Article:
Sophomore Engineering Classes Design Flood-Proof Houses

In Engineering II, students are learning about the effects of flooding and natural disasters on houses, buildings and other structures. Their project started with a lesson on flooding and detailed information about Watu Island, a real island in the Maldives that faces a damaging flood season. The sophomores were then tasked with building a model house to withstand flooding on Watu Island. The finished product needed to be a one-level home with a modern roof design. To assess their designs, each house went through a series of tests to evaluate how their design would last in heavy rain and flood conditions. 
The project came with certain restraints when it came to their target user, materials, budget and size. Each pair of students was given a “community card” that described one area of Watu Island to remind them of their target user as they were designing and building. The students were required to use materials that represented real-life materials. Students used balsa wood and popsicle sticks to represent hardwood, plasticine to represent concrete, foil and foil food trays to represent steel, and straws to represent bamboo. Each material had a specific cost associated with it, and students were given a budget of $1,000 to build their house. The model house also needed to utilize a chosen scale and could not exceed 8”x8”x8”.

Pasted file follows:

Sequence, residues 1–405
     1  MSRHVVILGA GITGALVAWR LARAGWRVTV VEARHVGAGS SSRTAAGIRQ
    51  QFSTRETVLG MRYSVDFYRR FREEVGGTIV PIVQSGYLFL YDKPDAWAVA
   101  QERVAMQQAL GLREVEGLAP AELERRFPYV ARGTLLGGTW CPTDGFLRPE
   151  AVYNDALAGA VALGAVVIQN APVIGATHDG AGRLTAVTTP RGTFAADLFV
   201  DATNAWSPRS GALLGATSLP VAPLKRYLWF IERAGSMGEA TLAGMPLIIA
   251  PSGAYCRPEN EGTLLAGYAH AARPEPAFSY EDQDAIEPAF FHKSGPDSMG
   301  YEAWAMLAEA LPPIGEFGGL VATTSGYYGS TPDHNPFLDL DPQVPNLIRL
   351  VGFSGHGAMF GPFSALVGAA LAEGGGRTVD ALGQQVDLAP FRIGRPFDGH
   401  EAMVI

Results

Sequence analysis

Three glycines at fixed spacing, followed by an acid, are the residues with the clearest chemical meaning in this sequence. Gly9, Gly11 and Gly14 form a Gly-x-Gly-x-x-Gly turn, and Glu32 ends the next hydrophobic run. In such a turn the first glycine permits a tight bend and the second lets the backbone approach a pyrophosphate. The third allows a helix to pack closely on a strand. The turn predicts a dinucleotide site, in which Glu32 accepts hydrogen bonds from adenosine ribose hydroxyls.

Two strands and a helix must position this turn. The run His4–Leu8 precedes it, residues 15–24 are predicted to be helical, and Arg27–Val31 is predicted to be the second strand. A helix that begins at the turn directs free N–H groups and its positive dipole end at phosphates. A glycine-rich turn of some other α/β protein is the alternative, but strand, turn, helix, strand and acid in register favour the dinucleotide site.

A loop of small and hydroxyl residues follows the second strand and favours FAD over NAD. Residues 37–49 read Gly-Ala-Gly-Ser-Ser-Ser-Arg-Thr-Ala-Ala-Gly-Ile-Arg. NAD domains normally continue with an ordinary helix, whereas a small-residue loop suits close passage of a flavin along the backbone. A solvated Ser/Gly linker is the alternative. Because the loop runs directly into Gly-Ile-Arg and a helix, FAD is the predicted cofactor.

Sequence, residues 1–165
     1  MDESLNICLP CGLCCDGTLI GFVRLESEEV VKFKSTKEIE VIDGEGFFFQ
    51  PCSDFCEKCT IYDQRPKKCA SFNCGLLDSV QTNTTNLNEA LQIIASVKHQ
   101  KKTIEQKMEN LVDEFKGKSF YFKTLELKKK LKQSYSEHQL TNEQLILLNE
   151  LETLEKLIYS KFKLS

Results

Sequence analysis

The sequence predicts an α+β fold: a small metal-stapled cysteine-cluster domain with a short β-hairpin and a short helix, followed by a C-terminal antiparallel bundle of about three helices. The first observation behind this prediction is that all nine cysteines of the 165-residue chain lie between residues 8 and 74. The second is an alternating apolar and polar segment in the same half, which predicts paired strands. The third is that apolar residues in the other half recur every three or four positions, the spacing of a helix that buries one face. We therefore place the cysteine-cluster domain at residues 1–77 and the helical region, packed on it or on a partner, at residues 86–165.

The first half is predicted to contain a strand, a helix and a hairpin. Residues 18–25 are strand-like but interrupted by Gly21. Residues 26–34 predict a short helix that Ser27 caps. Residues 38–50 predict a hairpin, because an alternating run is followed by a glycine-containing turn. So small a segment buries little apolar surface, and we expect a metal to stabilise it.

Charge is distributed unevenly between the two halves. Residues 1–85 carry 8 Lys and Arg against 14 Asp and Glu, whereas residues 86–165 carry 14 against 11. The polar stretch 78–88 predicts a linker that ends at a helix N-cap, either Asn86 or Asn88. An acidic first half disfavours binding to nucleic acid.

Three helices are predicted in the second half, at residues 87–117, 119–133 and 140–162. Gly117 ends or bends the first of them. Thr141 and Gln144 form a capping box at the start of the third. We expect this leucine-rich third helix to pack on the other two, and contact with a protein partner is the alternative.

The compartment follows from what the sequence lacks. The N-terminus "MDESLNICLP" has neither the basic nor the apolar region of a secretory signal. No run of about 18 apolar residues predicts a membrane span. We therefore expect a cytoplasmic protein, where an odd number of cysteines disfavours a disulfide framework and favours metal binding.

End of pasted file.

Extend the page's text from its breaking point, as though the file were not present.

Engineering faculty member Kayla Devosa explained, “Each year in engineering, we include projects that are reflective of what's going on in the world. This year there were many floods; even Hurricane Ian hit Florida as students were building their flood-proof homes. The goal [of this project] was to create a prototype that accurately represents a viable, low-cost housing solution for Watu Island.” 
Once the model houses were complete, they needed to be tested in a simulation of weather events associated with flooding. The first test simulated rainfall, the second test simulated flooding on flat land and the third test simulated flooding if the house was on a hill. Each pair of students recorded their findings from testing. Depending on their results, they wrote a summary of how they would redesign their house if they were to complete this project again. This project presented a problem relevant to current events happening around the world, and the sophomores could see the real-life application of these flood-proof houses in areas in danger of flooding. 

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